Survival Tips For Staying Alive In The Backcountry

i-shouldnt-be-alive (1)You’ve heard those stories about people who venture out into the wilderness, completely unprepared, make a dumb decision and end up lost, by themselves in the dark in the wilderness? There’s even TV show dedicated to the reenactment of these stories called “I Shouldn’t Be Alive”. Here are some good ideas on how you might not become a statistic, and what to do if you find someone who seems hell bent on becoming one.


When on a long, backcountry expedition, we try to get the most out of our days. Usually this means waking up early to get to camp with some sunlight left, but as we all know, there are still nights where we arrive after dark.  Nights, after a long trek in the sun all day are the perfect opportunity for you to get lost while venturing out for a walk. If arriving after dark, establish camp immediately. Set up your tent, bag, and cooking equipment, a fire pit and take note of every feature that will reference where you are, then go find a water source, and explore.


Always carry a knife, some food and a compass on your person. Sure, these things are easily stashed in your pack; but what if a boulder comes flying off a cliff while you’re rummaging thru your pack on the side of the trail and you only have enough time to jump out of the way as your pack is sent off the cliff. What then? Carrying a bit of  food, a knife and a compass can be the difference between life or death if you find yourself in a remote location with no gear or references.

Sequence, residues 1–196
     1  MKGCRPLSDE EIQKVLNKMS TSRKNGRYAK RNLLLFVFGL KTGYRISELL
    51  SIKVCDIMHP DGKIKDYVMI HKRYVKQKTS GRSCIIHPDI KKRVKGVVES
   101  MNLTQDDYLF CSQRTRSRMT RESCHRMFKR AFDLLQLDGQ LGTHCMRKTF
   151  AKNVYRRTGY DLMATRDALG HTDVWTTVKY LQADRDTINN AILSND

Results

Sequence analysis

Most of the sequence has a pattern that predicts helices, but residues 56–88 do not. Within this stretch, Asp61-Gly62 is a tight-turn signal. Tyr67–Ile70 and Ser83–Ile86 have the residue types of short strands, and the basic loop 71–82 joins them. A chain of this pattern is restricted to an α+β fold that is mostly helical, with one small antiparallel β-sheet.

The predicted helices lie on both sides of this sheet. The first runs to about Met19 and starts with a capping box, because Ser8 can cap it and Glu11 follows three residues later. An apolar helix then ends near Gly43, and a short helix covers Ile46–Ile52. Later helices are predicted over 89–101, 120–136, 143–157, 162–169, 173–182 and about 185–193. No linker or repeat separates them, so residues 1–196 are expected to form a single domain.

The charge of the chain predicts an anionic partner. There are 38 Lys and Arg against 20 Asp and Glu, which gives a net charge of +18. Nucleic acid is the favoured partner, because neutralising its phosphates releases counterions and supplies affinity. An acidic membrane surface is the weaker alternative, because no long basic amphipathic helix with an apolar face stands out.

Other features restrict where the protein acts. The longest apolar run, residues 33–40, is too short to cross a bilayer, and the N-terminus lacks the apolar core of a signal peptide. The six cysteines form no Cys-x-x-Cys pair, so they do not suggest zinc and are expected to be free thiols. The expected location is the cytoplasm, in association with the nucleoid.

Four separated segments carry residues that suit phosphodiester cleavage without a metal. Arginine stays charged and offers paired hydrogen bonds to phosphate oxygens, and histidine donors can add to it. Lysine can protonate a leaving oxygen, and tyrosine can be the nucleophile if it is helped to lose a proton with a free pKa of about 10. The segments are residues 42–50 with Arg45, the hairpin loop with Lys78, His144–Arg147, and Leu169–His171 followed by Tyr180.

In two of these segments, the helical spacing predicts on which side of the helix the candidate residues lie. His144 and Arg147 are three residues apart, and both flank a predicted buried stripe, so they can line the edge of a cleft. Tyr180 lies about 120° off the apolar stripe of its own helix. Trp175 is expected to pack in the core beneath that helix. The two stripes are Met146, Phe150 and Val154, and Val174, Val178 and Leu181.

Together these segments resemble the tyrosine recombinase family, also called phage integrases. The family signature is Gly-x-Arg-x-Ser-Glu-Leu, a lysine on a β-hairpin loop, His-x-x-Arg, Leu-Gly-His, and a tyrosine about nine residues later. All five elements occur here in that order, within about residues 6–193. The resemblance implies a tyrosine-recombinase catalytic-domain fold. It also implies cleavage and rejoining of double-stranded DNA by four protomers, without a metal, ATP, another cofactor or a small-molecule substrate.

Stay where you are if you get lost! Classically the number one reason why Search and Rescue Crews have the hardest jobs; people like to move when they are lost. Unless you are sure you know which direction you are going and you are keeping a mental note of what you passed and where you were (which you probably haven’t because you’re lost and scared) you should stay where you are and wait for help. Needless, frantic movement, especially in the day’s sunlight can result in a critical loss of energy as a result of the depletion of nutrients in your body. Once this has happened, you are more likely to make other, equally irrational decisions that can put you at risk and drop your survival rate by 50%. Outline your resources, develop a plan and only depart on foot if you are physically and mentally sound and able to retrace back to your starting point if unable to find a trail.

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Don’t go by yourself! This is more of  a suggestion than a guideline. Solo trips are often very fun and can be extremely rewarding. Just be sure you let people know how long you are going, where you are going and when you expect to be back at the latest. Doing this can mean the difference between life or death when you end up unable to make it to your takeout point. Be prepared and prudent, and you will find that your chances of getting stuck in one of these situations diminishes greatly.

Have fun on the trail, don’t get lost, and always be prepared. Have an outdoorsy week!

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